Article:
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Get ahead and organised this New Year Does your Will cover everything it needs t

Most of us now have digital assets which have a value, whether that be photographs, videos, films, music, games accounts, family trees, blogs, social media accounts, bank accounts, crypto currencies or NFTs.  The list keeps growing…

As with all of your assets, it is important to decide what happens to them and who has access to them after you pass away. Digital assets may have both a financial and a sentimental value and including them in your  Will means it is less likely there will be a dispute after you pass away. You may also want to keep some conversations and messages private and prevent certain people from accessing them.

It is often difficult to know where to start, so it is advisable to make a list of all of your personal and business digital assets, usernames and passwords and what you would like to happen to it after your death.  This should naturally be kept securely and kept with an up-to-date copy of your  Will, with instructions on what should happen to them individually.

If you want to list your digital assets in your Will then these need to be specified as it isn’t enough to simply leave someone your phone, iPad, laptop or computer.  They need to also be given permission to access the data on it.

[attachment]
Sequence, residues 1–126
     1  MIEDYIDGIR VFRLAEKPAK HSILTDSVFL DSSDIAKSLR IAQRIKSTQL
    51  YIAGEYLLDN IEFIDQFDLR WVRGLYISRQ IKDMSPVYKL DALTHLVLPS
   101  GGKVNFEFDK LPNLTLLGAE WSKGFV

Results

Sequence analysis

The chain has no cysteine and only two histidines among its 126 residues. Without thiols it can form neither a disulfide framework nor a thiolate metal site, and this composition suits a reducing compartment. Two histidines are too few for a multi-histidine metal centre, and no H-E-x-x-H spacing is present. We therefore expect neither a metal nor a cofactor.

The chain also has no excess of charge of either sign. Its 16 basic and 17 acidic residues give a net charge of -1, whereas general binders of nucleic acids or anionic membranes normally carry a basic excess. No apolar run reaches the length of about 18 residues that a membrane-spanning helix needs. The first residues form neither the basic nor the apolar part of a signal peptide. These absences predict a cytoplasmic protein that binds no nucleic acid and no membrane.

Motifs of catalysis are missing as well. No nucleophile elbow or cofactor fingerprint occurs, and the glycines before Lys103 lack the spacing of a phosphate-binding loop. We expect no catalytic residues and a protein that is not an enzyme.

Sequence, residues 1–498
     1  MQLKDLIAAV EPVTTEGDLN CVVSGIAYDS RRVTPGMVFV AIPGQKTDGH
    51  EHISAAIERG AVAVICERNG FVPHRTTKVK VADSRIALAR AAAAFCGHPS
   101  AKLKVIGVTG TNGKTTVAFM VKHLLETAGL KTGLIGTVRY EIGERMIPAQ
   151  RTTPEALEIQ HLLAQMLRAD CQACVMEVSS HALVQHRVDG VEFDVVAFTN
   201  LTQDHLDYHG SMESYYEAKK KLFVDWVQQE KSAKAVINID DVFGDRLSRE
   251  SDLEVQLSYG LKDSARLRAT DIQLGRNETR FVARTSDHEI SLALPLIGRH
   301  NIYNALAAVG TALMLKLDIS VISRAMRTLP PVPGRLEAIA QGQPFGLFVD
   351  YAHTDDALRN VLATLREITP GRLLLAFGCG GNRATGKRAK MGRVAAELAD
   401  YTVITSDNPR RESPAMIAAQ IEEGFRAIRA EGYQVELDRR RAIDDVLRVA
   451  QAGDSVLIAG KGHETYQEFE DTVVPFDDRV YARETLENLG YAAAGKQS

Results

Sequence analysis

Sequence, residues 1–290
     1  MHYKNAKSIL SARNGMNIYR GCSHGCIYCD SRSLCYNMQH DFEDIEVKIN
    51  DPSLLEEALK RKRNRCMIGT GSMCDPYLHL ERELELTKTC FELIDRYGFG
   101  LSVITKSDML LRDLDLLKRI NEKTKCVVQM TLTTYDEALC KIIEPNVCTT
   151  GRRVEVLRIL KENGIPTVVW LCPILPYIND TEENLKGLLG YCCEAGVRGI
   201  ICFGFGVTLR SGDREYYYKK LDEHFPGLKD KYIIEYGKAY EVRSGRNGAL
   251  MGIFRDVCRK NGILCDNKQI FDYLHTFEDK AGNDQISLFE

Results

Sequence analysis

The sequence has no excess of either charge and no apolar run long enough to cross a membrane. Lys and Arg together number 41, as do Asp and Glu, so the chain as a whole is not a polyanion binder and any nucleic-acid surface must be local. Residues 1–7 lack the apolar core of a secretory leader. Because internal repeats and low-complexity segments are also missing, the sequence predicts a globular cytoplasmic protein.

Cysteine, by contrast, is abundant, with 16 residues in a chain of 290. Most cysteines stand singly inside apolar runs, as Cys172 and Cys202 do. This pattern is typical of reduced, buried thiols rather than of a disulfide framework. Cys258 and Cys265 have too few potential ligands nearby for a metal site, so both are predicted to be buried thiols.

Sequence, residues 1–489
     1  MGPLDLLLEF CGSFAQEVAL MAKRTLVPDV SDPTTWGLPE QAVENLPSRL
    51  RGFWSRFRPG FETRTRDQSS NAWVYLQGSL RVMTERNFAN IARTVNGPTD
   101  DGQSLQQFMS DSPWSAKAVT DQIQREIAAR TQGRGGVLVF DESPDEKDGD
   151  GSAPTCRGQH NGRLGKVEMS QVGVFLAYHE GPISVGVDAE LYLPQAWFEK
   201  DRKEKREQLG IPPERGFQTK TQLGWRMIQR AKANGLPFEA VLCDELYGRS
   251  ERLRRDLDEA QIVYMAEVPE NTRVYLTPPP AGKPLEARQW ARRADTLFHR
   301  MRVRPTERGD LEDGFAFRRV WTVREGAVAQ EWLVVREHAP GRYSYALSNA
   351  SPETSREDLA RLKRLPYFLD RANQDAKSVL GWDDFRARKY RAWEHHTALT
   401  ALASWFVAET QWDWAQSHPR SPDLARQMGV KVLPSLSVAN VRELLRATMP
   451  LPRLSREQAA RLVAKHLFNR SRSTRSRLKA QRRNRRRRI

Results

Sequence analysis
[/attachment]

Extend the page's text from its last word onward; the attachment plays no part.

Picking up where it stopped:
It is important to remember that some service providers do not allow the transfer of data when someone passes away, so your iTunes licence to listen to music is not transferrable to someone else after your death.

Putting a value on digital assets can be difficult and for inheritance purposes advice might need to be sought.  For example, if you have written a book and have a draft manuscript sitting on your computer then there could be a value if that is later published. Certainly there will be an intellectual value and you will be keen to protect your copyright for your beneficiaries.

Social media accounts which have a high number of followers and income generating potential also have a value, but the policy of how they are treated after the death of the creator varies from service provider. It is therefore important to check whether you can leave access for someone else to continue to post after your death or earn advertising revenue.

If you are a business owner then access to social media accounts might have an intrinsic value for those taking over running it, to help keep continuity and contact with customers and suppliers.

It can be very time consuming and frustrating trying to contact social media service providers individually, so access information and clear instructions on their use will be essential for your executor to allow them to deal with it.

For advice on writing or updating your Will, get in touch with our team today.

Alex Astley can be contacted at a.astley@gullands.com